- Historical event
- 30 May 1846
- These eggs, made of gemstones and precious metals, now exceed the price of $10 million apiece and are probably the most luxurious decorative art collector's items worldwide.
On this day the famous Peter Carl Fabergé, world known as the craftsman of expensive “Fabergé eggs”, was born.
These eggs, made of gemstones and precious metals, now exceed the price of $10 million apiece and are probably the most luxurious decorative art collector’s items worldwide.
As many know, Fabergé eggs are associated primarily with the Russian Imperial Family. In fact, Peter Carl Fabergé was a jeweler who has lived and worked in the former capital of the Russian Empire – St. Petersburg.
Of course, many may wonder about his German name “Peter Carl” and his French surname “Fabergé”. The thing is that his family was actually originally from France, but emigrated because of their Huguenot (Calvinist) religion. First, they moved near Berlin (Prussian rulers were by faith also Calvinists, though they ruled over a Lutheran population).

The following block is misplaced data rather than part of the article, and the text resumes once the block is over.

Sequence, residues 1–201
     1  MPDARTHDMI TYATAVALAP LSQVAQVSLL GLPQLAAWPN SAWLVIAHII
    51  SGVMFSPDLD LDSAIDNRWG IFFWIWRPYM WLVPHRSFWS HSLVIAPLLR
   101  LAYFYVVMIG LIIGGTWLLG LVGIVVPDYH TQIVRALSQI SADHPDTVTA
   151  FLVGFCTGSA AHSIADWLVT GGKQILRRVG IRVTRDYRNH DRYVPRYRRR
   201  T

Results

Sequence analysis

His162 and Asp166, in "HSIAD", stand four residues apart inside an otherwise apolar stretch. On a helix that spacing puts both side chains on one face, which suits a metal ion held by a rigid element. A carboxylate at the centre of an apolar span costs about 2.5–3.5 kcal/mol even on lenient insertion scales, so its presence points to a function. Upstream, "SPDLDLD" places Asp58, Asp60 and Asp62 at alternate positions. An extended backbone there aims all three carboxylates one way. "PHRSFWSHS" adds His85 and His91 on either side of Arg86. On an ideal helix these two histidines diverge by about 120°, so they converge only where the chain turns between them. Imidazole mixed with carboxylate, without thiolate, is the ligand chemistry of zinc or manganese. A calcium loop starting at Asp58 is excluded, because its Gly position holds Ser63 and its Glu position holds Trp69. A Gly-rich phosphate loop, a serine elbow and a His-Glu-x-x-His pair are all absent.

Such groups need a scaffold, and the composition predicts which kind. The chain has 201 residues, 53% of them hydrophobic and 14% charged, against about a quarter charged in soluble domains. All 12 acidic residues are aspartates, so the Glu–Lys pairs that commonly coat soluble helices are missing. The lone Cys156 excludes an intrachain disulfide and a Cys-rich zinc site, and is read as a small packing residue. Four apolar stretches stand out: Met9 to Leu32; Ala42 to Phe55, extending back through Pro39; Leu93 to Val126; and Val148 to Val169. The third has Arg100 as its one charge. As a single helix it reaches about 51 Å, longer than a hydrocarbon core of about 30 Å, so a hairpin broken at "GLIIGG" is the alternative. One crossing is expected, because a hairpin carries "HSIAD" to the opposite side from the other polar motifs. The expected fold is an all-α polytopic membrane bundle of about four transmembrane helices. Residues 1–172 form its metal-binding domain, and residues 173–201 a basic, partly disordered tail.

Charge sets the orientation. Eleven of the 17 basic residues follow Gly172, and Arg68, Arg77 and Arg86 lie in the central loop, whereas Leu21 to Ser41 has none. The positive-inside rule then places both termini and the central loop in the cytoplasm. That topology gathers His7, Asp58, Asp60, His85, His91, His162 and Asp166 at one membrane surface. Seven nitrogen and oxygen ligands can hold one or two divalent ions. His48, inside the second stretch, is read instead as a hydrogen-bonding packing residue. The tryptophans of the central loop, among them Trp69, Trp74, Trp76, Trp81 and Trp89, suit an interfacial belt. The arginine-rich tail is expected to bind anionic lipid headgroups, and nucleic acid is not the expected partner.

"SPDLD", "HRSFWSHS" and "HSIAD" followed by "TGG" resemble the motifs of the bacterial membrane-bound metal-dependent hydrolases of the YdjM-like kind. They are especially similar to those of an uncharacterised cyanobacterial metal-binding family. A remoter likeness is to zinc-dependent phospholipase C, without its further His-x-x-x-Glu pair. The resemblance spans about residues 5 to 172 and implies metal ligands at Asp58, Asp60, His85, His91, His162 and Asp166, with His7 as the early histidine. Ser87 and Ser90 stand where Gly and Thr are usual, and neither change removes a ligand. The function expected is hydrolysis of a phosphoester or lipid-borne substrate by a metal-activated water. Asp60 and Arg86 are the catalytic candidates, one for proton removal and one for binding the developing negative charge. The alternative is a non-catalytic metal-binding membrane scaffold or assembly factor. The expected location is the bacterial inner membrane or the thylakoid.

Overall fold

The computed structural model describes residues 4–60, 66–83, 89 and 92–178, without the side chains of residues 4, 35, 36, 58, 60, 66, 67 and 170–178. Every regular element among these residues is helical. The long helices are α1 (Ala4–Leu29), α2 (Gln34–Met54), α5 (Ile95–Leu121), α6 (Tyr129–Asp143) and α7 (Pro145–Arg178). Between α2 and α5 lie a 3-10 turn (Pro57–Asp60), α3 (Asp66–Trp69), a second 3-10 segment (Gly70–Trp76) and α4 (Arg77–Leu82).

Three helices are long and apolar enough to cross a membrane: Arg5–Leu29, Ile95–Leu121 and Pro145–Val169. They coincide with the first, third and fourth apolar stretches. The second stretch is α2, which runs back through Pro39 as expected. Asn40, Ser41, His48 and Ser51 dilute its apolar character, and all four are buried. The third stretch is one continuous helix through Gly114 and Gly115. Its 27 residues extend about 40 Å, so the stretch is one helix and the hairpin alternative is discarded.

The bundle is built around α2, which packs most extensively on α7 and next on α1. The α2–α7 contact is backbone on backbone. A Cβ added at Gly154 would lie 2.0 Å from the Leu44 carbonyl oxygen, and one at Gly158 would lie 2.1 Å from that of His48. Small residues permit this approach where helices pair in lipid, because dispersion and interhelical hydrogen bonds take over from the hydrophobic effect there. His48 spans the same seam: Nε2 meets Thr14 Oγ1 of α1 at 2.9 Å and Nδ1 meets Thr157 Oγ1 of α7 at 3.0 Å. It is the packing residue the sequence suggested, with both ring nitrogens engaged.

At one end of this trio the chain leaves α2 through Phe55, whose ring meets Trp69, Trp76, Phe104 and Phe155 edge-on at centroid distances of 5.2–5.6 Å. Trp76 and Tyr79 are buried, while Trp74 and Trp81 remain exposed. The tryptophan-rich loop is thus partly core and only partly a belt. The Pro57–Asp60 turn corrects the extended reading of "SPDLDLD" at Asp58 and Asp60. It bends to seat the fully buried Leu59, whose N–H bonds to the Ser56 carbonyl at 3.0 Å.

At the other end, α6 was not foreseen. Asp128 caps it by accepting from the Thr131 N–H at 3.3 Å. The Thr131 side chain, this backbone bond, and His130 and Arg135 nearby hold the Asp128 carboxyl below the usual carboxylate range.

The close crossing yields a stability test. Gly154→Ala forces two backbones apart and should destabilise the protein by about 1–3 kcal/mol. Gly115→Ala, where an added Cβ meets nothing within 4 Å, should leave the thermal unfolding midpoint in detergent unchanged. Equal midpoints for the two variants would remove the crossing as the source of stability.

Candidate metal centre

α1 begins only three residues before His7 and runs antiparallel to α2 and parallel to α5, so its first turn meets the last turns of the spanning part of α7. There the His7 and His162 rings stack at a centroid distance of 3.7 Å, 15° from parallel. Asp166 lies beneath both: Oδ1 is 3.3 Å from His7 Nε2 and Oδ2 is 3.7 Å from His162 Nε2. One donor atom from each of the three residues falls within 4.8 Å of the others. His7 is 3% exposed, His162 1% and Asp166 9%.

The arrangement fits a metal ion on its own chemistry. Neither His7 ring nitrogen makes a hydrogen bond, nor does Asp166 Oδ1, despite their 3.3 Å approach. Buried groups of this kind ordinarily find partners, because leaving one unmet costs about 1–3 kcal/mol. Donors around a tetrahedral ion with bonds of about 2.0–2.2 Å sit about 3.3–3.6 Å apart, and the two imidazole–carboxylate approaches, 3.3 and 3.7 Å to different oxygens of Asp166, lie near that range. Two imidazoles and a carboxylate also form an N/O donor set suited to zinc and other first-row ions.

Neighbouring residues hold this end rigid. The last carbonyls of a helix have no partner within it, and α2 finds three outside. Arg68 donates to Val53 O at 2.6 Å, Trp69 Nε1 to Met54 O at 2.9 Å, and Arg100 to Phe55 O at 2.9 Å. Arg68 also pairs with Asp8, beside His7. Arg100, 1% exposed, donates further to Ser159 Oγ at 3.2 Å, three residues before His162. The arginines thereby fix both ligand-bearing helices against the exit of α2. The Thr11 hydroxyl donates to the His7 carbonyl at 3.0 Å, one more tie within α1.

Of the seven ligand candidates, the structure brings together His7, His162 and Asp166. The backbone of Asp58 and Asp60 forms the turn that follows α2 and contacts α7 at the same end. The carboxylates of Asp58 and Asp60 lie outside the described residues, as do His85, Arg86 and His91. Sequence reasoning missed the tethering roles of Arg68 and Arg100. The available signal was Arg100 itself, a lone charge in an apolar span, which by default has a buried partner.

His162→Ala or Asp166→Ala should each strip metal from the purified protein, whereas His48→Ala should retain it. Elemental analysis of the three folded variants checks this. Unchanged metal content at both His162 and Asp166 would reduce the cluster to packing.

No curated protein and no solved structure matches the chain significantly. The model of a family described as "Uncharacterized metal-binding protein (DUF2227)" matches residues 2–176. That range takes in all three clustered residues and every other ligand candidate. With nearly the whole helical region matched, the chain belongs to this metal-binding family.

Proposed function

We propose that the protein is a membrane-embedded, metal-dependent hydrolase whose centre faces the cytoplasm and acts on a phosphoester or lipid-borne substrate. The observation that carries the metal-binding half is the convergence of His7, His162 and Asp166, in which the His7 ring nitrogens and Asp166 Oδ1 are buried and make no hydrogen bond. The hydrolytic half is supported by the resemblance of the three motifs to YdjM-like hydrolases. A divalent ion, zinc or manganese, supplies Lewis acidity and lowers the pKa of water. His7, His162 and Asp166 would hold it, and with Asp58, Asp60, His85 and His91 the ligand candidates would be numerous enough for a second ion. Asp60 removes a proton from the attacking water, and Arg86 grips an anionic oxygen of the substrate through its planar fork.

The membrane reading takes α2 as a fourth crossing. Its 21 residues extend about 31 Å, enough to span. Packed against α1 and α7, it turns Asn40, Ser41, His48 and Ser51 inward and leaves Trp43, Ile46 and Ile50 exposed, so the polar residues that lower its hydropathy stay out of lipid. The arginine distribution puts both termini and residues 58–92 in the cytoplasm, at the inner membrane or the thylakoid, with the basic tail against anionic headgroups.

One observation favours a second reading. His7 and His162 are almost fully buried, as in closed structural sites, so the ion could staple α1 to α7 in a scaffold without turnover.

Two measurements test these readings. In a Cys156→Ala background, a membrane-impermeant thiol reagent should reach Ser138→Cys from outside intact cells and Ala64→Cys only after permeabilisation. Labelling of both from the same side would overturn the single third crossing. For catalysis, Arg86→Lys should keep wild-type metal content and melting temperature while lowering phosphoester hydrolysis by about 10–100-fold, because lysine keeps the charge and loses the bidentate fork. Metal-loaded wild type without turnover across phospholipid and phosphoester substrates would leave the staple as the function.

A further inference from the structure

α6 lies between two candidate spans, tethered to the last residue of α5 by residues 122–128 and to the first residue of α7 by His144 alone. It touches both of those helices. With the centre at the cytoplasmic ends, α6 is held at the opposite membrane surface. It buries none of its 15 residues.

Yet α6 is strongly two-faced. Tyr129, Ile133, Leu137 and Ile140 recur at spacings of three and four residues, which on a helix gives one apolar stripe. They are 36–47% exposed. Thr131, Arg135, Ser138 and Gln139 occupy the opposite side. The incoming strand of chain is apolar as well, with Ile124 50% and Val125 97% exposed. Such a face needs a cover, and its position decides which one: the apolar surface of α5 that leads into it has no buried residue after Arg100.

The Fabergé family was partly Germanized there, but then moved further to the east – onto the territory of today’s Estonia (at that time within the borders of the Russian Empire). Eventually, they ended up in St. Petersburg, and the father of Peter Carl became a prominent jeweler. Thus, the son inherited his father’s craft.
The first Fabergé egg was made when Tsar Alexander III decided to give his wife, the empress, a specially decorated Easter egg in 1885.
Peter Carl Fabergé crafted this egg from gold and its “shell” could opened to reveal special surprises inside (a golden yolk, which can be opened to reveal a small golden hen within, which also opened and contained a miniature imperial crown).
The empress loved the egg so much that the tsar appointed Fabergé a “goldsmith by special appointment to the Imperial Crown” and commissioned another egg the next year.
Thus started the production of increasingly elaborate eggs, year after year. Faberge was given the freedom to design, so not even the tsar knew how the new egg will look like. The only requirement was that each contains a miniature surprise.
In total, Fabergé produced 52 eggs for the imperial family before the Revolution, of which 42 have been preserved.
Except for the imperial family, Fabergé produced another 7 eggs for the Russian noble family Kelch, plus a further 7 for other rich clients (even for the Rothschild family). Each of these eggs is unique and presents a masterpiece of decorative arts and Jewelry.